Three short videos provide an overview of American transportation history. Click on the icons to see the videos, or just read the scripts.
Between 1800 and 1900, the way Americans moved around their world changed drastically.
In 1800, the only practical way to travel and trade across long distances was along the nations natural waterways. As a result, settlement clung to the nations coasts and rivers. A few roads connected major cities, but travel on them was difficult and time consuming.
One hundred years later, railroads sped along thousands of miles of track. Large ships moved passengers and freight across the oceans and smaller boats plied the nations rivers, lakes and canals. Bicycles, carriages and wagons rolled over thousands of miles of roads. Seventy-five million people lived coast to coast, many in towns and cities that had sprouted up along the new routes.
One of the fastest growing of these young cities was Chicago. In 1800 the state of Illinois didnt exist; by 1900, its largest city was an economic powerhouse with over 1.6 million residents. Located at the intersection of river, lake and railroad routes, Chicagos industrial, manufacturing and commercial life depended on the boats and trains traveling into and out of the city. Lake steamers carried coal and iron ore to Chicagos steel mills. Railroads brought livestock to the citys stockyards and shipped sides of beef, pork, and lamb to the rest of the country.
Sears, Roebuck and Company and Montgomery Wardboth Chicago firms sold everything including the kitchen sink and guaranteed delivery to the nations doorstep, or at least to the nearest railroad station.
The dawning of the 20th century. America was in the midst of great change. Although most of the population lived in rural areas, people were moving to cities in record numbers. Electric trolley lines meant people were less dependent on horse and foot to get around. They could travel farther faster and, because it was relatively cheap, they did. For 5 cents, commuters could hop on a streetcar in downtown New Haven or Memphis and ride to their homes in the new streetcar suburbs…far from the crowds and chaos of the cities.
In the early part of the century, a new vehicle entered the fray. At first cars were fragile luxury items, but thanks to mass production, they quickly became affordable. In 1900, Americans owned 8 thousand cars, in 1920, 8 million. Cities and suburbs both spread out. For those with cars work and shopping were now just a short drive away.
Outside of American cities, however, travel by road was still difficult. It was rails and waterways that made it possible to move people and goods across long distances. Railroads were one of the nations largest businesses. They employed nearly 10 percent of all industrial workers. During World War II, business boomed. Trains carried over 90 percent of wartime passengers and nearly all of the nations long distance freight. After the war, however, as Americans slid behind the wheel in record numbers, railroads lost riders and concentrated on hauling freight.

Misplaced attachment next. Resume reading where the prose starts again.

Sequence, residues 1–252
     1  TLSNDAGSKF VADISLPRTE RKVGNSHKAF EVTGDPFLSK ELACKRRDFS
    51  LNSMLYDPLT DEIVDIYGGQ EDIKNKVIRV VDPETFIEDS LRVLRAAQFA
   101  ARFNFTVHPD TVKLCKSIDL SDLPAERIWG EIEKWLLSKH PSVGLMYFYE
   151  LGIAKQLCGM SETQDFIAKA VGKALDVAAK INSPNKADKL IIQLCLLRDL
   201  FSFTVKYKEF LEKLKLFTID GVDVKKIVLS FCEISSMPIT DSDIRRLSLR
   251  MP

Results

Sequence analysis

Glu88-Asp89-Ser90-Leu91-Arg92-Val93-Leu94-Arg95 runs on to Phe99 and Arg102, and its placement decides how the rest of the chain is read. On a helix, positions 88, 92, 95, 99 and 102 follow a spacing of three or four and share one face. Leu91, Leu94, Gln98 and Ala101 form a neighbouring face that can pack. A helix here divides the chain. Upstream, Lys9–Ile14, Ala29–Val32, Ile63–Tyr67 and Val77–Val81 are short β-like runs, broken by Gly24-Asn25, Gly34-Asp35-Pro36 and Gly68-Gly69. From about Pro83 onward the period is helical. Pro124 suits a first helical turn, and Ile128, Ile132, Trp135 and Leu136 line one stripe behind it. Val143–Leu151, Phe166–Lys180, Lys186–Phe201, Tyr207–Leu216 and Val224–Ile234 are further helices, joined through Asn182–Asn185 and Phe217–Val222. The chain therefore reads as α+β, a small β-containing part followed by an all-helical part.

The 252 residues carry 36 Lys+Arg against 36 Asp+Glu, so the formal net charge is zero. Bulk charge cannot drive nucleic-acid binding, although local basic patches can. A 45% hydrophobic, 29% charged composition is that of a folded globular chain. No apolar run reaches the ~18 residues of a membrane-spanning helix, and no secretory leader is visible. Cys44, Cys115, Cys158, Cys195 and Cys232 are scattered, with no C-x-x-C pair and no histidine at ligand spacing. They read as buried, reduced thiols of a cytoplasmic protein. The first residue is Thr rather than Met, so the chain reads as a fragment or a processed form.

The nations rivers, lakes, and the oceans remained a critical part of the U.S. transportation story. Millions of immigrants came to this country by ocean liner from Europe or Asia. Others crossed the oceans for business and pleasure.
The 1950s. For many, a set of wheels seemed to guarantee the American dream–the house in the suburbs, the family outings, the freedom to come and go as you please. Nearly 50 million cars were on the roads.
In the year 2000, there were more than 220 millionmore than one car for every person over the age of 18. More people shopped and worked miles from homeoften in sprawling edge cities or far-flung suburbs. Although cars polluted the atmosphere and commuting times rose, for most Americans a car was no longer a luxury…it was a necessity they would be loathe to live without.
A great increase in air travel also changed how we lived. Beginning in the 1960s, airports expanded to serve the millions of new passengers and the flourishing air cargo business. By 2000, 2 million passengers plus millions of packages and high priority cargo took off from Americas airports every day.
Goods of all kinds continued to be moved by rail, truck and ship, as well. But beginning in the 1960s a new innovation–containers–radically changed the way freight traveled the country and the globe. Shippers began to pack goods of all kinds in standardized steel boxes that could be easily and cheaply moved from ship to rail to truck and back again. It meant that shoes, shirts, or stereos made anywhere in the world could be shipped anywhere else at a low cost, changing not just what people bought, but the work they did and the lives they lead.